The fragile coalition of the PTI government seems to be hanging by a thread after the resignation of MQM’s Khalid Maqbool Siddiqui as federal minister. Ever since the government came to power, there was a possibility that the house of cards could collapse anytime.
The MQM remains a government ally and still retains the law ministry. The party’s convener said they assisted PTI in formation of the government and will not abandon them despite reservations. The party is disappointed that there has been no progress in resolving the issues of Karachi.
While Karachi remains in the grip of a cold wave, the announcement has raised political temperatures over speculations whether the MQM is mulling to join the Sindh government. Bilawal recently offered two ministries in the provincial government to the MQM if the federal coalition collapses. The offer still stands; Bilawal is expected to visit the MQM headquarters and meet with party leadership after returning from Saudi Arabia. Both parties seem to have developed a consensus over several issues.
Bilawal’s announcement and Khalid Maqbool’s resignation have sent jitters throught PTI. Many leaders made frantic phone calls to give reassurances. Asad Umar called Siddiqui to keep the coalition intact stating that their reservations will be addressed. Faisal Vawda said that all legitimate demands will be considered while even Governor Sindh has been in action.
The MQM has reiterated that the party was not ending cooperation with the government- a key requirement if it accepts their offer. Siddiqui has also denied his resignation is connected with Bilawal’s offer, but the rumour mill has been buzzing that PPP and MQM are heading towards rapprochement.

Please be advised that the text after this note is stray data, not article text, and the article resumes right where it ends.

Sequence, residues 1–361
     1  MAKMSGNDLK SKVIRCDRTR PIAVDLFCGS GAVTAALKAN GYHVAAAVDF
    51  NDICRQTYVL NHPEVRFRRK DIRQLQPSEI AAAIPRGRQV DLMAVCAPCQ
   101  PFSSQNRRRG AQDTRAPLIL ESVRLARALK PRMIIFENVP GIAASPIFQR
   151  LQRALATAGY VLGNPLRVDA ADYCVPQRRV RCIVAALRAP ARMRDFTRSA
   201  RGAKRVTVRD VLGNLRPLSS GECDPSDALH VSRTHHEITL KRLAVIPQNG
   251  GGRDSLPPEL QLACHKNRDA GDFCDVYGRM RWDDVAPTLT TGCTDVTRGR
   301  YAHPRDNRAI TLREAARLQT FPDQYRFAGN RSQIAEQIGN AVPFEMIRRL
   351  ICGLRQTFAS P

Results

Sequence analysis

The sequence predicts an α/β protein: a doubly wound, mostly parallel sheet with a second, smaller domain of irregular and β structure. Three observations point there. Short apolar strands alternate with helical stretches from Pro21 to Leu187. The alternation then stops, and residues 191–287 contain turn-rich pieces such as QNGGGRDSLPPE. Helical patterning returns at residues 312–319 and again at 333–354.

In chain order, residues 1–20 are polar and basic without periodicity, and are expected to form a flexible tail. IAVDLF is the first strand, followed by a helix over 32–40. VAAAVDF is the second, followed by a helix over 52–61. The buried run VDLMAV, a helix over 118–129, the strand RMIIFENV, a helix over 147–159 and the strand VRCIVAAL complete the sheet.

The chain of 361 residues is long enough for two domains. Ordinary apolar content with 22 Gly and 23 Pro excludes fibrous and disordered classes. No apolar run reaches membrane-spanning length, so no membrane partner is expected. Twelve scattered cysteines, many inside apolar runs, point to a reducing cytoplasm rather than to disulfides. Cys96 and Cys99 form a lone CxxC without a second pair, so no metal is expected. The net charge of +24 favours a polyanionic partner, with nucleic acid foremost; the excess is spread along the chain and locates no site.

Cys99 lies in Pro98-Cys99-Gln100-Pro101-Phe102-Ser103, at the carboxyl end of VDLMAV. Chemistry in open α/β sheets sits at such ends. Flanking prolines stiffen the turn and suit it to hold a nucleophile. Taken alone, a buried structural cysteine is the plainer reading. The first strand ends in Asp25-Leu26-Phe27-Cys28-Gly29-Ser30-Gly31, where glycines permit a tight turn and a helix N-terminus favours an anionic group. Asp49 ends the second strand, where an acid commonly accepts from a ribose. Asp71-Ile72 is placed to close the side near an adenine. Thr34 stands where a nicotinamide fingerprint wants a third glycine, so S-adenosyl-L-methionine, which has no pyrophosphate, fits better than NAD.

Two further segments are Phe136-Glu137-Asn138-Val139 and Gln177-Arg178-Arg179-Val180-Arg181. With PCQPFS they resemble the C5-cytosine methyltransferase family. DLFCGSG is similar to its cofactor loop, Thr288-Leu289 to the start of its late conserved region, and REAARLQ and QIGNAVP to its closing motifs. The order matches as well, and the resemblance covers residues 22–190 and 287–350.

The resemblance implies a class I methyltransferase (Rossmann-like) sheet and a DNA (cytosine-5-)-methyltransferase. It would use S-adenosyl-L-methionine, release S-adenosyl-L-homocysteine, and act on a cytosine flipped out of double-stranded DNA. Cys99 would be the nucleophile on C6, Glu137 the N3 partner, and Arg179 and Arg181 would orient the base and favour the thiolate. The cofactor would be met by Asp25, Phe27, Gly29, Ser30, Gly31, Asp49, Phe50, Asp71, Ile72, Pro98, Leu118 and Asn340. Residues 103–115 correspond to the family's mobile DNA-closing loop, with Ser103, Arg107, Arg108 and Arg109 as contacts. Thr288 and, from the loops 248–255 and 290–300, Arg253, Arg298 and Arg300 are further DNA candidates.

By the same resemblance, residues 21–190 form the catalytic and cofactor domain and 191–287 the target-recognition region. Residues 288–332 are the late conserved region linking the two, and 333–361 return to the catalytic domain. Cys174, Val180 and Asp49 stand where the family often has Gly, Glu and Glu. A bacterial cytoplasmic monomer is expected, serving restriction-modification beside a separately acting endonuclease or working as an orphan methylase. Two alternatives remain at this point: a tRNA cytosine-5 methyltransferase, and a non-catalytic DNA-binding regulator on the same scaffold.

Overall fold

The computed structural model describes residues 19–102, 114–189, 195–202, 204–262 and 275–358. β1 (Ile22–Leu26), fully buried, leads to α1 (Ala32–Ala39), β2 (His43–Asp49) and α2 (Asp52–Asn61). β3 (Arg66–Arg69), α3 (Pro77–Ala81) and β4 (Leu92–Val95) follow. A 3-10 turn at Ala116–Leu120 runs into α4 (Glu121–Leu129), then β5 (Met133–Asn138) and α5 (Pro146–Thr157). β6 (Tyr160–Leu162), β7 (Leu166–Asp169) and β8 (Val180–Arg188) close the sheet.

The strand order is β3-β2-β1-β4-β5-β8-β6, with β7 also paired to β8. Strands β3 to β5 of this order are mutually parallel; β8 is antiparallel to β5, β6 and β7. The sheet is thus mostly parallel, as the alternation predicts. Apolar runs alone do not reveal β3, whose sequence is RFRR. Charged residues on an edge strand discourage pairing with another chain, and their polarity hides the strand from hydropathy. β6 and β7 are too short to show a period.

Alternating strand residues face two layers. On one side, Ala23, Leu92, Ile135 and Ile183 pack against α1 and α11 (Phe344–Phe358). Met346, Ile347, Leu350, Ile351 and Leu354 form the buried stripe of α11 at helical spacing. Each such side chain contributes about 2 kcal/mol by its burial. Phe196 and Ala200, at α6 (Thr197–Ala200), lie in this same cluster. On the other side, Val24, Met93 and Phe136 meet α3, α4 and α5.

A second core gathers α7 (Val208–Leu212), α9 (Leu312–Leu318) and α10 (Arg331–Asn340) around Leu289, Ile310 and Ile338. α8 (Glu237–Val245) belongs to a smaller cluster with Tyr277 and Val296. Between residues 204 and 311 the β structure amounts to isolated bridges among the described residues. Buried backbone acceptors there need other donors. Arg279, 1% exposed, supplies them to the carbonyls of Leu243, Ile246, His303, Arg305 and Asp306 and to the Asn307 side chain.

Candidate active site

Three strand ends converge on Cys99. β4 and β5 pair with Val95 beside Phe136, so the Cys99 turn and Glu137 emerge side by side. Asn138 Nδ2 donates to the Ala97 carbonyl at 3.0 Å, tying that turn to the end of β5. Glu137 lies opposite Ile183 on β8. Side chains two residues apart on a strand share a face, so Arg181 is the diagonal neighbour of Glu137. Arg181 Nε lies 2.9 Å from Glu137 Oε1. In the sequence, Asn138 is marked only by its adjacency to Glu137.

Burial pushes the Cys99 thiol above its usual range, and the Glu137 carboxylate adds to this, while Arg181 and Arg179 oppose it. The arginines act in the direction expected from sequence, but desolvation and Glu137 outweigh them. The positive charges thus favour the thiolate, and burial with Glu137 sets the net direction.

There are doubts raised on the MQM’s intentions as to whether it is trying to gain leverage over the PTI government. Siddiqui said that it was pointless for him to remain a federal minister any longer, but the law ministry of Farogh Naseem still remains with the party. MQM clearly wants to exploit the situation by demanding a hefty development package for Karachi.
The PPP want to give the impression that the olive branch handed over to the MQM is not due to desperation; the ruling party in Sindh does not need any coalition partners unlike the federal government. PML-N would is also likely to support an in-house change against the PTI.
Once again the murky world of Pakistani politics is being shoveled as new alliances might be formed and existing ones collapse. With a rudderless opposition and absentee leadership, it seems unlikely that the government of Prime Minister Imran Khan can be toppled anytime soon.
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